Last week, “Cops” was canceled by the Paramount Network, bringing to a halt the 32-season run of the voyeuristic ride-along show. Soon afterward, A&E axed a similar unscripted series called “Live PD.”

These moves, made amid mass protests over the death of George Floyd while being restrained by police, felt like a clear admission by programmers that television, for far too long, has played a role in glorifying and/or simplifying the depiction of law enforcement officers.

And now, as debates continue to rage over police brutality, systemic racism and criminal justice reform, necessary attention is being paid to how scripted TV images lull us into regarding police officers as paragons of integrity — even when raw video footage captured by ordinary, cell phone-wielding citizens prove they often are not.

“People watch the shows to see heroes,” Warren Leight, the showrunner for “Law & Order: SVU,” said on a recent Hollywood Reporter podcast. “You have the responsibility to at least depict the reality — as close to the reality as you can.”

But are producers really willing to do so? Television, of course, can often be a conduit for progressive change in society. Shows like “Ellen” and “Will & Grace,” for example, helped to pave the way for greater public and political acceptance for LGBTQ rights.

And “24” presented America with a black president even before Barack Obama moved into the Oval Office.

But TV can also help to perpetuate harmful misperceptions. A study released earlier this year by the advocacy group Color of Change suggests that prime-time cop shows tend to make “illegal, destructive and racist practices within the criminal justice system seem acceptable, justifiable and necessary — even heroic.”

The study, titled “Normalizing Injustice: The Dangerous Misrepresentations that Define Television’s Scripted Crime Genre,” pointed out that crime shows often enlist police departments and retired officers as consultants while presenting an overwhelmingly complimentary depiction of police officers as complex, nuanced, and valorized characters.

Not surprisingly, the study also found that crime series producers and writers are mostly white men.

“Black people suffer greatly from the messages put out by the Crime TV genre and it’s time for it to be taken into account,” Rashad Robinson, president of Color of Change, told “Seeing President Trump tweet ‘Law & Order’ was a sick irony, because not only are law and order policies disastrous, but the program, and ones like it, are worsening conditions for black people.”

TV is a powerful medium and easily digestible crime procedurals like “N.C.I.S.,” “Chicago P.D.,” “The Rookie” and “S.W.A.T” make up its most popular genre. In the recent broadcast season, three of the five top-rated dramas were cop shows, according to Nielsen. And with 21 seasons and counting, “Law & Order: SVU” is prime time’s longest-running live-action drama.

So it stands to reason that America’s view of the criminal justice system would be largely shaped by shows on the small screen. That is not always a good thing, insist many pop-culture observers.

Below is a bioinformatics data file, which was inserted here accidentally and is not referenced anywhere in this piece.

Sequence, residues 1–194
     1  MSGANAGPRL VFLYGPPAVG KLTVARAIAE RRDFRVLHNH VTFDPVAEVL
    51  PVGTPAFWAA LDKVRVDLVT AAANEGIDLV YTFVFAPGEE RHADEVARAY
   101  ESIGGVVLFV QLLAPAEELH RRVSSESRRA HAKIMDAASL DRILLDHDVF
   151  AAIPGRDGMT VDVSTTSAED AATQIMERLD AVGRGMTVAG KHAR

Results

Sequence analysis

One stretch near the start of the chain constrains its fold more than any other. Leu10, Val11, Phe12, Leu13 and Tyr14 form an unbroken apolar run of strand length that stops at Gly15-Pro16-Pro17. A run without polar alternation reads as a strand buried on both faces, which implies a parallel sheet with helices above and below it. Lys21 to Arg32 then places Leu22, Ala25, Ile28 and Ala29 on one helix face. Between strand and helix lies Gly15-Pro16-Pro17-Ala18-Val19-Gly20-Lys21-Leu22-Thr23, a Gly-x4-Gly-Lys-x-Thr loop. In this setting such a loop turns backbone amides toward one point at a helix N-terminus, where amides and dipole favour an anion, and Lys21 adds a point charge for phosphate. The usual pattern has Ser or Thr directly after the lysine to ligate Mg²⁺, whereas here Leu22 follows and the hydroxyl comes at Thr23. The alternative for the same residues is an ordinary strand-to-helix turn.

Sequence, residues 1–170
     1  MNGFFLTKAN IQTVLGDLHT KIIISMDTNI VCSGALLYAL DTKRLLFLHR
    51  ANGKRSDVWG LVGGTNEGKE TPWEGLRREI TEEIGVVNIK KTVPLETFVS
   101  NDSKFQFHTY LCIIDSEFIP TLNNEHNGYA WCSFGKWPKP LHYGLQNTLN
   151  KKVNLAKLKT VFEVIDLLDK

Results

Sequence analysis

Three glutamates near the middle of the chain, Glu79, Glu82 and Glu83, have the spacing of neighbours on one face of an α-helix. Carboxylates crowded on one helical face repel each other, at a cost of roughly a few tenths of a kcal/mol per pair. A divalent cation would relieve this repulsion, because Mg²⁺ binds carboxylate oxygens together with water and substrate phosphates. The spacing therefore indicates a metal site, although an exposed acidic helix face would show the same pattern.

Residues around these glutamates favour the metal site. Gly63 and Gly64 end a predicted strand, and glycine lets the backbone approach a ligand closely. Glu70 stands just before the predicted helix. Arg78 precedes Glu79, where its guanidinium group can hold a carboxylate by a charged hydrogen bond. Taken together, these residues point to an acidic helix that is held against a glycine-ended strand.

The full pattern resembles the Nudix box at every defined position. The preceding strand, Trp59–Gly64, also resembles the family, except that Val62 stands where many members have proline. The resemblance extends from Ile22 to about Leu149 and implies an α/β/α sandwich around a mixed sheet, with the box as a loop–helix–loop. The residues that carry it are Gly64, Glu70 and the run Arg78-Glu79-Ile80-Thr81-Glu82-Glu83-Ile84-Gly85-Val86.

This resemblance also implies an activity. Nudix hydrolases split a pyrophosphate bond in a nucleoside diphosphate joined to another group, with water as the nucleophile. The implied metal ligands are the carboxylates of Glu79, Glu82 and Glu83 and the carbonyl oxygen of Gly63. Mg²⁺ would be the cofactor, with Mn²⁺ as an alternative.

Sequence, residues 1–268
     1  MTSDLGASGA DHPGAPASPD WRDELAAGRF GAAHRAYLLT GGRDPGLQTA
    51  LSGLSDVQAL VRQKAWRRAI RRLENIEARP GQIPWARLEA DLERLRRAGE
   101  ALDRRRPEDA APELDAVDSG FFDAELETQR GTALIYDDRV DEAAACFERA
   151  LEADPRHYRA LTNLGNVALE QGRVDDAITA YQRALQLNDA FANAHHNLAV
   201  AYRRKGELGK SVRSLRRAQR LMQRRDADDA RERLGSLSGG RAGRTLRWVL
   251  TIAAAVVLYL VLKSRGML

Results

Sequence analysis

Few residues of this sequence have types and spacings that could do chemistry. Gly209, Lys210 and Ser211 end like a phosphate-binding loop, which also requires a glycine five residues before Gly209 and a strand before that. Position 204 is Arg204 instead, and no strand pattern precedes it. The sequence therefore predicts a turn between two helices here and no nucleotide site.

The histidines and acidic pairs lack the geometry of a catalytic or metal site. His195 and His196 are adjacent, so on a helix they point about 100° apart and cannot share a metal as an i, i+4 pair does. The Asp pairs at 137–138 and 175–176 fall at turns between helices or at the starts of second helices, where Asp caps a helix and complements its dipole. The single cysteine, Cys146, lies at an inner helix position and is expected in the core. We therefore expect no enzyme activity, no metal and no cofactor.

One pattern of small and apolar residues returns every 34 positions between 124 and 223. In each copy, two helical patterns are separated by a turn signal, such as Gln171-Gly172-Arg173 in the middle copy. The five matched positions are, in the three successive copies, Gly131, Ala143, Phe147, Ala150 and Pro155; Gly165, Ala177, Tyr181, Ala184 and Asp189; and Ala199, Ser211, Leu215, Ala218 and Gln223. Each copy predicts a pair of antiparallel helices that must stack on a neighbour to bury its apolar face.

“It’s long past time to reckon with decades of stories that portray cops mostly as heroes and protagonists and Black people as the criminals they lock up,” wrote USA Today TV critic Kelly Lawler. “If we can’t get rid of cop shows entirely (although it’s not the worst idea), we need to change them.”

Too often TV police are “beacons of morality,” added Lawler, who points out that, in crime procedurals, “there are few instances of police brutality or misconduct. The innocent are rarely convicted. Anyone who gets in the way of policing — an uncooperative citizen, an internal affairs investigator or even other law enforcement agencies — is the enemy. If a cop does anything wrong, it’s always for the greater good.”

Even Leight is bothered by some TV portrayals — especially the ones that glamorize cops who don’t follow the law.

“There are shows with flawed cops at their center,” he said on the THR podcast. “I don’t mind a flawed cop at the center, but a flawed cop with a tendency to violence that’s glorified, to me, is a real recipe for legitimizing police brutality. That’s what I see the most that disturbs me.”

Considering the emotional power of the recent protests — and the widespread support they have garnered — it would seem inconceivable that cop shows didn’t, in some way, reflect what is happening in real life. On the other hand, television has always been loath to stray from a successful formula. That explains why “Law & Order” creator Dick Wolf, the king of the crime procedural, currently has six shows on the air.

Several producers are, at least, talking about making changes. Leight, for example, wants to bring fresh and diverse voices into the “Law & Order: SVU” writers room.

“This has to be a moment,” he said, “where people in power make themselves uncomfortable.”

Meanwhile, the producing team of “S.W.A.T” — a show led by a black star, Bay Area native Shemar Moore — has taken to social media to let viewers know that they will “do better” when it comes to exploring themes of racism and police violence.

“We are watching recent events in horror and sadness along with everyone else,” they said in a statement. “And we will continue to mine the truth about these issues in the writing of our upcoming season as we all work towards a fairer, better system.”


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